Britain’s two Trident nuclear-armed submarines have recently been deployed at sea for a record-breaking five-month period, prompting one former naval commander to warn that the longer missions could jeopardize operational safety.
Based on data provided by campaign group Nukewatch, the investigative journalism website, The Ferret, revealed on November 6 that two Trident-equipped Vanguard-class submarines went out on patrol for 157 days in 2022.
The Nukewatch has been keeping tabs on the movements of Vanguard-class submarines in Clyde throughout 2022. The report said that one sub was at sea from January 1 to June 6, 2022, and another from May 31 to November 3, 2022.
According to The Ferret, Rob Forsyth, who commanded the Royal Navy’s nuclear submarines in the 1970s, long sea patrols could result in “operating errors,” “a breakdown in morale,” and “a threat to nuclear weapon safety.”
Forsyth also lists drug abuse and sexual harassment as potential side effects of lengthy voyages. In October, Adm Ben Key, the chief of the Royal Navy, launched an investigation into the “abhorrent” complaints of sexual assault and harassment against women working on submarines.
The Royal Navy employs the continuous at-sea deterrent (CASD), a nuclear posture that necessitates the constant patrol of at least one nuclear-armed submarine.
According to analysts, the duration of undersea patrols has increased in the past three months, partly because one of the four Trident submarines, HMS Vanguard, was undergoing repairs for seven years after discovering a reactor leak.
The absence of HMS Vanguard, which did not return to duty until July 2022, lowered the number of available submarines to three. The Royal Navy makes no comments regarding the length of Trident submarine patrols, but the longest patrol made publicly known lasted more than 140 days.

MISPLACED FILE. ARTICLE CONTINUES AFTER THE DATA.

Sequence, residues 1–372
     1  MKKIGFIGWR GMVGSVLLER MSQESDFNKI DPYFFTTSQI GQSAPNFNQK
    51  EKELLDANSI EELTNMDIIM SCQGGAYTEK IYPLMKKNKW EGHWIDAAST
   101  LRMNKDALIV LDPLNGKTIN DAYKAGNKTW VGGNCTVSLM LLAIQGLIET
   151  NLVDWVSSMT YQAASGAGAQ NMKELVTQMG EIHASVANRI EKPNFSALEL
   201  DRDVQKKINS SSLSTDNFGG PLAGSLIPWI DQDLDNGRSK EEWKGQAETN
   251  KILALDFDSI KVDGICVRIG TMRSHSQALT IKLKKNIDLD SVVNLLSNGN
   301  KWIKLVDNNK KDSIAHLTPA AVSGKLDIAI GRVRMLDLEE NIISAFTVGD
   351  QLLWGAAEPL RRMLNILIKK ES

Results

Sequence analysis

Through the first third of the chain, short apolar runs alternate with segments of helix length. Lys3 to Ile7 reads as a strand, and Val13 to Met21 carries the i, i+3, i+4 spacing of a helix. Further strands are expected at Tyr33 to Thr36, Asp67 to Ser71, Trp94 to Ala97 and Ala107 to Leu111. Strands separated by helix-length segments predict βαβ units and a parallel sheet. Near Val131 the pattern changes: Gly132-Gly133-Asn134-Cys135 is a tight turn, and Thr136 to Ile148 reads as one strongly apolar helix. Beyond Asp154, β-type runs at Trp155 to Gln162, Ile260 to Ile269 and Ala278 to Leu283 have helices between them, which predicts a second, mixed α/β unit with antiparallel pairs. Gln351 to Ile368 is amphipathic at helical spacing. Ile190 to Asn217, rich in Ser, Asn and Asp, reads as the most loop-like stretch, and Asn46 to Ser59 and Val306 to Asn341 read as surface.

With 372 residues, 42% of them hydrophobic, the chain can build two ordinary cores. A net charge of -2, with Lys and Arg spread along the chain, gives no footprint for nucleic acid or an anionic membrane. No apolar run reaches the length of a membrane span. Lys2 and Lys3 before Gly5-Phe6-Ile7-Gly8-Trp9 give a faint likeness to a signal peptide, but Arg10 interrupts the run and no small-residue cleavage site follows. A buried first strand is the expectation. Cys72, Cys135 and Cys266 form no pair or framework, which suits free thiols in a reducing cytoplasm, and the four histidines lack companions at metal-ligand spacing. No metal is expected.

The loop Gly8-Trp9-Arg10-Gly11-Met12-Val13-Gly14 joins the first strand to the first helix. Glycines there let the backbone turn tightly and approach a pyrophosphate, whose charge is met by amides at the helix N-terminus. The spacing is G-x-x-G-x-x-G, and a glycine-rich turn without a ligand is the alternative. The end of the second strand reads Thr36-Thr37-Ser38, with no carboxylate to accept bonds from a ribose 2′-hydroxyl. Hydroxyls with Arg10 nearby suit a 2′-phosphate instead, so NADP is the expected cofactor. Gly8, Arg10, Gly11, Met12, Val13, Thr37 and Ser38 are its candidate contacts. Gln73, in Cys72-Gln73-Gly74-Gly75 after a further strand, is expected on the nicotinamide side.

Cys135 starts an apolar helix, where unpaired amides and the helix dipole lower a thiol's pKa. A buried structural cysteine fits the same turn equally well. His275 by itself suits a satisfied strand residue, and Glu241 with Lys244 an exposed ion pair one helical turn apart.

According to a Royal Navy spokesperson, investigations into allegations of sexual misconduct in the submarine service are still ongoing. The spokesperson added that this had not impacted the operations, and the service strongly rejects any assertion that it is not operating with robustness.
Recent Incidents Involving Royal Navy’s Vessels
In Early November 2022, the Vanguard-class nuclear submarine HMS Victorious of the British Navy reportedly aborted the “top secret mission” after a major fire broke out. The vessel’s 130+ crew members, including those not on duty, put out the onboard electrical fire.
The submarine was forced to float to the surface at an unidentified location in the North Atlantic due to the fire incident, which prompted the ship’s captain to declare an emergency.
The British ships and submarines could respond to such occurrences immediately without jeopardizing the operational output of the vessels, reported The Sun.
The source claimed that the submarine’s captain had to abort an unnamed “top secret mission” due to the substantial damage caused by fire. The ship was subsequently instructed to return to HMNB Clyde in Faslane, Scotland.
In January 2022, the UK defense ministry stated that a British warship HMS Northumberland collided with a Russian submarine in the North Atlantic Ocean in 2020. The incident is thought to have caused damage to both vessels.
It’s important to note that the information was initially revealed in an episode of the television show Warship: Life At Sea. The television program shows the activities of a Royal Navy warship. The HMS Northumberland was forced to head back to port in Scotland to replace the broken sonar.
Meanwhile, the US nuclear submarine sightings in Scotland in 2022 have doubled compared to the last year. The UK’s nuclear fleet is in Clyde Faslane Naval Base, the primary South Atlantic base for NATO submarines.
The number of times US Navy submarines, including the advanced Virginia-class submarines, have docked at the Scottish port since the start of the full-scale Russian invasion of Ukraine has increased from 43 to 85, reported by UK Defense Journal.
The US Navy previously stated that port visits to Faslane reflect the nation’s commitment to its allies and partners in the region and complement the multiple military exercises, training programs, and other joint operations carried out by Strategic Forces to maintain their readiness for quick, risk-free operations anywhere in the world.
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